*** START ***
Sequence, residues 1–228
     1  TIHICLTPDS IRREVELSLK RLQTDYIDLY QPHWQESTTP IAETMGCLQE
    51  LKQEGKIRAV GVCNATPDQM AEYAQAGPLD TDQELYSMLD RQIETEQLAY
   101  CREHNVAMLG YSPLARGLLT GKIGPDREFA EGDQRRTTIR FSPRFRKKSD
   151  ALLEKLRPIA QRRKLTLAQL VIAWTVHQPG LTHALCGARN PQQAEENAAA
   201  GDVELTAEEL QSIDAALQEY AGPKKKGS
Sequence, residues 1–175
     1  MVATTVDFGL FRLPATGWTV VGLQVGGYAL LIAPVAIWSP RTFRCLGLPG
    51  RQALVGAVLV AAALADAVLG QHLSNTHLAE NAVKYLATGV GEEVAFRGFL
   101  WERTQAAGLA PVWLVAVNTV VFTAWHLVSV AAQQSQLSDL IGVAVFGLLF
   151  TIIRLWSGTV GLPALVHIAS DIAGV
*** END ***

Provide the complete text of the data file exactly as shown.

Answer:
Sequence, residues 1–228
     1  TIHICLTPDS IRREVELSLK RLQTDYIDLY QPHWQESTTP IAETMGCLQE
    51  LKQEGKIRAV GVCNATPDQM AEYAQAGPLD TDQELYSMLD RQIETEQLAY
   101  CREHNVAMLG YSPLARGLLT GKIGPDREFA EGDQRRTTIR FSPRFRKKSD
   151  ALLEKLRPIA QRRKLTLAQL VIAWTVHQPG LTHALCGARN PQQAEENAAA
   201  GDVELTAEEL QSIDAALQEY AGPKKKGS
Sequence, residues 1–175
     1  MVATTVDFGL FRLPATGWTV VGLQVGGYAL LIAPVAIWSP RTFRCLGLPG
    51  RQALVGAVLV AAALADAVLG QHLSNTHLAE NAVKYLATGV GEEVAFRGFL
   101  WERTQAAGLA PVWLVAVNTV VFTAWHLVSV AAQQSQLSDL IGVAVFGLLF
   151  TIIRLWSGTV GLPALVHIAS DIAGV